They hope for the Pence team is that, you know, if the FBI doesn't find anything else of concern in those searches, they can try to wrap up this investigation that is ongoing right now and avoid having a special counsel do a longer term investigation, as you have going on with President Biden and, of course, with former President Trump.


You know, obviously Mike Pence is thinking of running for office, we all know that. But because he's not a declared candidate right now, it doesn't present some of the same conflicts of interest for the Justice Department, and I think the Pence team would like to keep it that way.

TAPPER: All right. Evan Perez, thanks so much. Appreciate it.

Next, President Biden's son Hunter on the offensive, as Republicans zero in on his laptop.

Plus, why my next guest describes Donald Trump as a lawless Houdini.

Stay with us.


[16:25:10] TAPPER: In our politics lead, Hunter Biden, the president's son, just went from defense to offense. In a series of scathing letters, Hunter Biden's new lawyers are asking the Delaware attorney general, the Justice Department, and the IRS to target right wing personalities such as Rudy Giuliani and Steve Bannon for what the lawyers say is illegal access or illegal dissemination of Hunter Biden's personal data.

As CNN's Jessica Schneider reports for us now, this is the first time that the president's son and his legal team have publicly acknowledged that information purportedly taken from a laptop is legitimately his.



JESSICA SCHNEIDER, CNN JUSTICE CORRESOPNDENT (voice-over): Hunter Biden is on the attack. His new team of lawyers sending letters to the Justice Department and Delaware's attorney general, urging criminal investigations into the computer repair shop owner who they say improperly accessed his personal data from a laptop.

UNIDENTIFIED MALE: When I was hired by Hunter to do a data recovery --

SCHNEIDER: -- and a number of prominent right wing figures including Rudy Giuliani and Steve Bannon who lawyers say released and weaponized Hunter Biden's personal information in the lead-up to the 2020 election, all in an effort to damage now President Joe Biden.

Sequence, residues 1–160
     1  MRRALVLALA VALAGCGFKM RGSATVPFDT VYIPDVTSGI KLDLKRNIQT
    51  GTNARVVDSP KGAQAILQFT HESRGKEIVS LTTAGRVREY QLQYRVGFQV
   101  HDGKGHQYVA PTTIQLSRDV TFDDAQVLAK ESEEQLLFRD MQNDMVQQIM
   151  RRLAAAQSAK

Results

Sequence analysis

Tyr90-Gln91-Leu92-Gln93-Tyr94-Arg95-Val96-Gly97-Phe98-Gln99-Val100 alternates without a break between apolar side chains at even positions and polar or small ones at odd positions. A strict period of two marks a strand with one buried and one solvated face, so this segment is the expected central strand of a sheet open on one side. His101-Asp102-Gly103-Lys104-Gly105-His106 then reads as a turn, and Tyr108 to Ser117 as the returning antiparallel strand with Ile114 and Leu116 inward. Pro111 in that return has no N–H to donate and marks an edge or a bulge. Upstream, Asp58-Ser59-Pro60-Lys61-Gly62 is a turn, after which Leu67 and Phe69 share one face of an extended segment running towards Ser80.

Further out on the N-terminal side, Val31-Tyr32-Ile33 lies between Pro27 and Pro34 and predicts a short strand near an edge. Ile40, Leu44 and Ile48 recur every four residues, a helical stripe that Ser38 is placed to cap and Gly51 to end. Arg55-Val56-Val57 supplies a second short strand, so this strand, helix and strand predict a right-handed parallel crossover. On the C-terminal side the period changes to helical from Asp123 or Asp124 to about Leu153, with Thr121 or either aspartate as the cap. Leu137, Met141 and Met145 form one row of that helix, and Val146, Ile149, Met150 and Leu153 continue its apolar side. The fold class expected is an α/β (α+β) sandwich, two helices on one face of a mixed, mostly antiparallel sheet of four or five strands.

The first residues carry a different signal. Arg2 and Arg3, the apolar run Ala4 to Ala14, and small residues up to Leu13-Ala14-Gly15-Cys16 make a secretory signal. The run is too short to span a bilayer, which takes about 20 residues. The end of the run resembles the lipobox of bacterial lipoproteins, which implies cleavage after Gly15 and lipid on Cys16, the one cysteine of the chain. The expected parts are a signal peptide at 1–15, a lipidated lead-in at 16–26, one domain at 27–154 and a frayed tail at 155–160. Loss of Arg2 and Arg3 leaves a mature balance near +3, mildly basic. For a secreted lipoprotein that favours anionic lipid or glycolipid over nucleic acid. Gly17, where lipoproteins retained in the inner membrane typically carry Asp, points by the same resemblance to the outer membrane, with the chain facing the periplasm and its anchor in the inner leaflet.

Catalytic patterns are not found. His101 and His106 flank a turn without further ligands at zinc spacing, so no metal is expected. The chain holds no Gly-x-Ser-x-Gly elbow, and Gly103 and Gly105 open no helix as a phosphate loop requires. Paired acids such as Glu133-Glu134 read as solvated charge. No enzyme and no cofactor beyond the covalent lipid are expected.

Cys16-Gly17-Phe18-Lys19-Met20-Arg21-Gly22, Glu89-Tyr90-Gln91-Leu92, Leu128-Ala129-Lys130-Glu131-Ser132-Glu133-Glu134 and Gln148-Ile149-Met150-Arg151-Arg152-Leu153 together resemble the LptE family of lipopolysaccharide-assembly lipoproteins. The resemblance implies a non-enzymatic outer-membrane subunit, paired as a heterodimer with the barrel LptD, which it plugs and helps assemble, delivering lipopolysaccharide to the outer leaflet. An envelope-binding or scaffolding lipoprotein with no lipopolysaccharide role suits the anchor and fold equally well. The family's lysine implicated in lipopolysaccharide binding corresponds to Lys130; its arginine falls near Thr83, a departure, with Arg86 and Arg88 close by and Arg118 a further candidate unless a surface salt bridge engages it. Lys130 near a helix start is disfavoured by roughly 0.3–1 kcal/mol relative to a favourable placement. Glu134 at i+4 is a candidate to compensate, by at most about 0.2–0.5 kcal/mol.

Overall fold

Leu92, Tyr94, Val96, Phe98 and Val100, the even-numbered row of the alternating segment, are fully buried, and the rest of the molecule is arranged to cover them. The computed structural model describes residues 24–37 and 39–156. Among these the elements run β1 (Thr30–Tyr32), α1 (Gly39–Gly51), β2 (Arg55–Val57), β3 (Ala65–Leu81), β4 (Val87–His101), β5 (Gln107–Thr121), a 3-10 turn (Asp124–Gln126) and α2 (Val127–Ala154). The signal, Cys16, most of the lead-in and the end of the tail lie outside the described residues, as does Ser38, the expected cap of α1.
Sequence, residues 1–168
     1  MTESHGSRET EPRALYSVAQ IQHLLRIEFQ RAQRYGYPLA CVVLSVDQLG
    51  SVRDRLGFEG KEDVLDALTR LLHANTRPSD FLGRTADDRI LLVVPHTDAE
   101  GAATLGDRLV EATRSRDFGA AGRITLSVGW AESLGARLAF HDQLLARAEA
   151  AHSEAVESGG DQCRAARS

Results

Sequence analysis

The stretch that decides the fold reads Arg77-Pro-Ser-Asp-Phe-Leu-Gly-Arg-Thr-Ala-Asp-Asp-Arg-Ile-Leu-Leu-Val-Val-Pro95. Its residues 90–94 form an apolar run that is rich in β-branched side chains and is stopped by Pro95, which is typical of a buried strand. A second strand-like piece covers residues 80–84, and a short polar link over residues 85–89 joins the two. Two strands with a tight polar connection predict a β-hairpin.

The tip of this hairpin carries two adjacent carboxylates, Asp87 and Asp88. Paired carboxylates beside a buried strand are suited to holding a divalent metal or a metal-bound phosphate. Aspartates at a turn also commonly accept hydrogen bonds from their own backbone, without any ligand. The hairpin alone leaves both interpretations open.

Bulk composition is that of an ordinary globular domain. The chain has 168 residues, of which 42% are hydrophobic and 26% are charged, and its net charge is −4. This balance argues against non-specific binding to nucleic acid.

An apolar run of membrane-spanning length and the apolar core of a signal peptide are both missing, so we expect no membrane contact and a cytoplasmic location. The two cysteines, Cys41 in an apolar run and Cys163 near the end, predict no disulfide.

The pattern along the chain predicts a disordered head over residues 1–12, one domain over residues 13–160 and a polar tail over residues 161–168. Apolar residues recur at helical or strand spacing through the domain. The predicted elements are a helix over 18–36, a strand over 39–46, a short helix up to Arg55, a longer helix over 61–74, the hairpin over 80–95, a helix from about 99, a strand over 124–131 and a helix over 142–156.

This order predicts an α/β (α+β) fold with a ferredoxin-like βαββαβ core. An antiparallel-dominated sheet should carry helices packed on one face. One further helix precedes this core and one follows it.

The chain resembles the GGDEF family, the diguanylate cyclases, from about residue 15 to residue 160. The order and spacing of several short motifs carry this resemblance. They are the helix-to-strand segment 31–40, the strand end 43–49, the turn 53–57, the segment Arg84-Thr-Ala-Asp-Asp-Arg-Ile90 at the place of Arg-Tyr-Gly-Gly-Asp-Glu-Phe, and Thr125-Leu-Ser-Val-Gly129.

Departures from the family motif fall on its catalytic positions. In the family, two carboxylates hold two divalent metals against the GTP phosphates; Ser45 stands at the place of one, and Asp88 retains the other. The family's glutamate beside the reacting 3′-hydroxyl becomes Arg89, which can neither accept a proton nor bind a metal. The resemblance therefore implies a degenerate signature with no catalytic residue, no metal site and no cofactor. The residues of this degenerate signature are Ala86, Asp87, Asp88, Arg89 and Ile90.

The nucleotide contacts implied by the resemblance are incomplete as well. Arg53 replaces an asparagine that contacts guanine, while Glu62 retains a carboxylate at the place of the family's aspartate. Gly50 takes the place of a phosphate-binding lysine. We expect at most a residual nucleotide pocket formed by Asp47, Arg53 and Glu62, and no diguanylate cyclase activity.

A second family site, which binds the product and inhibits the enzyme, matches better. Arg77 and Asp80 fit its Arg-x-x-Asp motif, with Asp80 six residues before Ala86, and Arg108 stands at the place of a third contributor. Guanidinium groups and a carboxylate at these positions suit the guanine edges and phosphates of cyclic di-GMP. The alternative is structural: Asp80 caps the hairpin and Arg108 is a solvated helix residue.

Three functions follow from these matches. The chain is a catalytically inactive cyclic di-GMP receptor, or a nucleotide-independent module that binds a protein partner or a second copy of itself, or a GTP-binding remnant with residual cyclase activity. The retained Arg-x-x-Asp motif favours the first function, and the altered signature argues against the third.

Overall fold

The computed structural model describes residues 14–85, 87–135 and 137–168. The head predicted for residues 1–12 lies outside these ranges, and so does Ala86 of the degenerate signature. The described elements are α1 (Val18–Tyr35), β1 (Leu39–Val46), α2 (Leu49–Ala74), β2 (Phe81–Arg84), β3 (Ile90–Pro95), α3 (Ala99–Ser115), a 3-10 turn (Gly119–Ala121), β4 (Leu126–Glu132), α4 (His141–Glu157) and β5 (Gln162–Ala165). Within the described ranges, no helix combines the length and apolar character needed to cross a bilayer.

TUCKER CARLSON, FOX NEWS HOST: On the form, Hunter Biden claims --

SCHNEIDER: Hunter's legal team also demanding Tucker Carlson and Fox News retract stories they claim are false. The letters also acknowledge for the first time that it was Hunter's personal data purportedly found on a laptop left at that Delaware repair shop in 2019.

Hunter Biden was asked about the laptop in 2021.

INTERVIEWER: Was that the your laptop?

BIDEN: For real, I don't know.

INTERVIEWER: I know, but you know --

BIDEN: I really don't know is the answer.

INTERVIEWER: OK. You don't know, yes or no if the laptop was yours?

BIDEN: I don't have any idea.

SCHNEIDER: The laptop appears to contain a massive trove of information, from business documents to emails and some potentially salacious materials. Details were flashed across "The New York Post" and repeated again and again on Fox News just before the 2020 election.

DONALD TRUMP, FORMER PRESIDENT: They say, right, look, this is the laptop from hell.

SCHNEIDER: Now, Hunter Biden and his team are fighting back, just as House Republicans are ramping up their investigations into what they say were Hunter's questionable business dealings with foreign companies and as the U.S. attorney in Delaware continues to investigate Hunter's tax dealings and possible false statements while making a gun purchase.